Mold Will Close School In Pomfret for Months

Valley News Staff Writer
Published: 8/31/2018 11:49:59 PM
Modified: 8/31/2018 11:53:34 PM

Pomfret — Elementary school students from Bridgewater and Pomfret likely will attend school at Woodstock Elementary School until at least January because of mold issues at Prosper Valley School in Pomfret, according to PVS Principal John Hansen.

“We could be at Woodstock up to a full school year,” Hansen said in a Friday phone interview. “The best-case scenario, I would say, is that we’ll be back in in January.”

The mold Aspergillus this summer was discovered at Prosper Valley School, a K-8 school in South Pomfret serving students from Bridgewater and Pomfret. A contracted mold remediation cleaning was completed in mid-August, but subsequent air quality tests revealed that “unacceptable levels of mold spores continued to exist in the building,” according to Windsor Central Supervisory Union Superintendent Mary Beth Banios.

Hansen said the school may need to hire an engineering firm to help evaluate ways to mitigate humidity problems in the building, which he said are the root of the school’s mold issues.

“We need to correct the (humidity) problem first before we look at another remediation and cleaning process,” Hansen said. “We’re hoping to receive more information on what our options might be before the next School Board meeting on Sept. 10.”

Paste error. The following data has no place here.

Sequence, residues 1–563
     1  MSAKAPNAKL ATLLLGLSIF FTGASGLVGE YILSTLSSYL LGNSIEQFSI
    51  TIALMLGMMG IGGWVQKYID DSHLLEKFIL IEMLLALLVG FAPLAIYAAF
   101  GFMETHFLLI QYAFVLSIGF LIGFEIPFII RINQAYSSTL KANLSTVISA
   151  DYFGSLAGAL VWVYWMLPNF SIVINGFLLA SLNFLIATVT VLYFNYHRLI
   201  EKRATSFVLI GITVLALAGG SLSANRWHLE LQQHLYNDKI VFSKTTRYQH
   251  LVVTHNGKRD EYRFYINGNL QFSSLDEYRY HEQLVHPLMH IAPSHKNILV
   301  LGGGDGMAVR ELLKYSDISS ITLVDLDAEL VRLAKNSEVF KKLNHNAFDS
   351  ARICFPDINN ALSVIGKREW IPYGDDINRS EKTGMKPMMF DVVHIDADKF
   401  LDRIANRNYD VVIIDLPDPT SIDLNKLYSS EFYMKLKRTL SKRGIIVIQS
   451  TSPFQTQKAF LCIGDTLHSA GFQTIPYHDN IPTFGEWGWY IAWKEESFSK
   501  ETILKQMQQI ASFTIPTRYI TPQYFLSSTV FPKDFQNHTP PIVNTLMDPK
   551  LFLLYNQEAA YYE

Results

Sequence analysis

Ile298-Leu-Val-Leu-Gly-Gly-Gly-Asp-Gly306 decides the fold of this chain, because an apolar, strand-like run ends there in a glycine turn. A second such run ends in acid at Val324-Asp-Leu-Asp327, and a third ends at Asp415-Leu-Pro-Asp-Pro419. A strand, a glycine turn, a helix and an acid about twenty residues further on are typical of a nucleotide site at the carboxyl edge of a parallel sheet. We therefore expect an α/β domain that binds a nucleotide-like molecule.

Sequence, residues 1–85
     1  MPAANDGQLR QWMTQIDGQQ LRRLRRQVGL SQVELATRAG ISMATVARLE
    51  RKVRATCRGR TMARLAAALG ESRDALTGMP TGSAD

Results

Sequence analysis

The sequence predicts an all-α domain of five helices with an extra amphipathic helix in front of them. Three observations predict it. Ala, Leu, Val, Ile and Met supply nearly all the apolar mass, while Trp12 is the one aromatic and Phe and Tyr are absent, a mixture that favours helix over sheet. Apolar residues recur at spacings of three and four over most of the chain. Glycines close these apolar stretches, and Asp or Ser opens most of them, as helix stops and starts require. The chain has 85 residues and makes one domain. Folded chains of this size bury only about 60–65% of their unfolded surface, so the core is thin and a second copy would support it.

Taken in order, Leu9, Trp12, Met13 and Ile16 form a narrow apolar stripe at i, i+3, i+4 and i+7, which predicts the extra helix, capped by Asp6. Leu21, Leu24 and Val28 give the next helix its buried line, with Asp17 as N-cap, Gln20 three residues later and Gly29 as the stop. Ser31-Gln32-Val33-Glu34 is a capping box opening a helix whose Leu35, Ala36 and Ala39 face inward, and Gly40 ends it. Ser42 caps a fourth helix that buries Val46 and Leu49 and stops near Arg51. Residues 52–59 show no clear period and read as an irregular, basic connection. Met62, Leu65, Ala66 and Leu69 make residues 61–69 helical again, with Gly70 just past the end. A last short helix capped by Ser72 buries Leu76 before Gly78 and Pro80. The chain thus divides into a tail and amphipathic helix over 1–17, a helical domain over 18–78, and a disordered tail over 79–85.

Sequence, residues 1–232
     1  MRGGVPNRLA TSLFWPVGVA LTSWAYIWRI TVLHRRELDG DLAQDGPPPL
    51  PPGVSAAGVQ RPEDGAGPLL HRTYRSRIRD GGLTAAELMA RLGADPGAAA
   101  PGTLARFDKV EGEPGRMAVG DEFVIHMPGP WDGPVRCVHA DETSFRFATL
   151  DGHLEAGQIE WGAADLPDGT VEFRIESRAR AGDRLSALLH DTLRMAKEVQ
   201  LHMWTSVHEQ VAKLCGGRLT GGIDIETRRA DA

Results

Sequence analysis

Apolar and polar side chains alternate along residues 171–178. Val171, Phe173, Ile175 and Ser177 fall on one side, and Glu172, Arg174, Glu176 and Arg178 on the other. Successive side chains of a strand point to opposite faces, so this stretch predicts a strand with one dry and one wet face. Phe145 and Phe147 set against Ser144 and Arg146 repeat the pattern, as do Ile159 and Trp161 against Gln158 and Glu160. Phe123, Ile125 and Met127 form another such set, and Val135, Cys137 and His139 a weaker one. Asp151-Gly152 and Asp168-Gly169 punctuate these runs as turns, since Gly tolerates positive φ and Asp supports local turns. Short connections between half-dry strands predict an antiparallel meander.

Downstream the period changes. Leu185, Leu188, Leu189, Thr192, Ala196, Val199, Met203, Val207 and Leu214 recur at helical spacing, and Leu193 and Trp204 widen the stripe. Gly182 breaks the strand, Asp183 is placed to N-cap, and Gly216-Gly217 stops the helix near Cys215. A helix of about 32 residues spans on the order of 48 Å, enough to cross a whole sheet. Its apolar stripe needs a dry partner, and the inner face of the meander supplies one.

PVS teachers used conference facilities at Marsh-Billings-Rockefeller National Historic Park to plan the move and new teaching arrangements, and district staff, parents, students and other volunteers spent three hours on Thursday moving needed furniture and materials 2½ miles south to Woodstock Elementary School.

Because of constraints on available space at WES, Prosper Valley will combine grades 2-3 and 4-5, while having teachers for each grade present in those classrooms. Kindergarten and first grade also will share a classroom, which also was the arrangement at PVS.

Prosper Valley and Woodstock Elementary students will not share classrooms except for physical education class, according to Hansen. Students from both schools also will share lunch and recess periods.

“Woodstock Elementary School staff has so graciously opened its school and resources to us,” Hansen wrote in a Friday email. “I cannot emphasize enough the outstanding support and coordinating efforts.”

Aspergillus is non-toxic, but can cause health problems for those with asthma, lung problems, allergies and compromised immune systems.

Hansen said Prosper Valley is far from the only building hit with moisture and mold issues during this hot and humid summer.

“Just talking to people around the state, it’s the worst season people have seen since (Tropical Storm) Irene in terms of water issues,” he said, referring to the storm that eight years ago dumped up to 11 inches of rain in some parts of Vermont.

Prosper Valley School students begin classes at Woodstock Elementary School on Tuesday.

Jared Pendak can be reached at jpendak@vnews.com or 603-727-3216.




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